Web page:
Here's one you probably weren't expecting: There's a rumor Google's poised to leap into yet another business sector—music. Actually, given Google's expansionist habits it's probably not a surprise. But it is confusing.
The rumor's popped up at TechCrunch, coming from sources within the music industry and Google itself, it seems. And we know very, very little about the actual details—those same sources aren't even sure if it'll be called Google Music, or Google Audio (though at least its name is following Google's tried, tested and slightly tired naming theme). TechCrunch has heard it'll be different to the music service the company launched in China recently, which lets you find and download tracks for free.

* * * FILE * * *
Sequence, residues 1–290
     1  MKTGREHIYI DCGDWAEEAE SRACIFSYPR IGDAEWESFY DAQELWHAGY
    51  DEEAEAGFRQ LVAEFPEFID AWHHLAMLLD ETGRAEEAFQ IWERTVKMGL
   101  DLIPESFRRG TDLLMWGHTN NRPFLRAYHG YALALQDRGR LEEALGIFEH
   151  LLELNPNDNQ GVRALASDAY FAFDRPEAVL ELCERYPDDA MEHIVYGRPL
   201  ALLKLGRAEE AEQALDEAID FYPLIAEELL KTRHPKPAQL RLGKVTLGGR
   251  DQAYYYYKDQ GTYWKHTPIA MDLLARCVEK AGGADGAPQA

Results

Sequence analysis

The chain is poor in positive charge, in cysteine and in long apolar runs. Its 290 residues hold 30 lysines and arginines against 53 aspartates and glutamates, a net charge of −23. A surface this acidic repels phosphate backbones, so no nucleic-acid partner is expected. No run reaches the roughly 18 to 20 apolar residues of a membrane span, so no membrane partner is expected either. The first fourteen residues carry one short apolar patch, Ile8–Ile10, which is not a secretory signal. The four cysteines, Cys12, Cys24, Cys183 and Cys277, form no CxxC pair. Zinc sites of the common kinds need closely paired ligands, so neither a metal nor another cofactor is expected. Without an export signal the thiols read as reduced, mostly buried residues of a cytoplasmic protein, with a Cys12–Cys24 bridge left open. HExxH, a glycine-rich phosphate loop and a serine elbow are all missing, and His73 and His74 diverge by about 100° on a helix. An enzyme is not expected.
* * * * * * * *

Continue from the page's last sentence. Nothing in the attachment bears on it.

We do know that Google's been schmoozing the record labels for weeks to get content lined up for the service, but it's unclear if you'll be able to download it, if it'll be a stream-based system or what.
From the record label's point of view, it kinda makes sense (even while it jars against the industry's reluctance to be groovy about MP3s). Google is a huge name, a veritable Internet superpower—and if anyone can promote your music to billions of people successfully, it's Google. An alliance with Google also is a way of tackling Apple's monolithic iTunes, which currently leads the digital music market and probably has more power than the record labels would like. And Google, of course is the portal to all those nasty RIAA-baiting pirate music torrents—a Google Music system could be a neat way for the labels to intercept people before they get to the illegal stuff. And, of course, with more and more music services popping up—things like Spotify—how could Google resist extending one of its digital tentacles into what seems to be a booming market?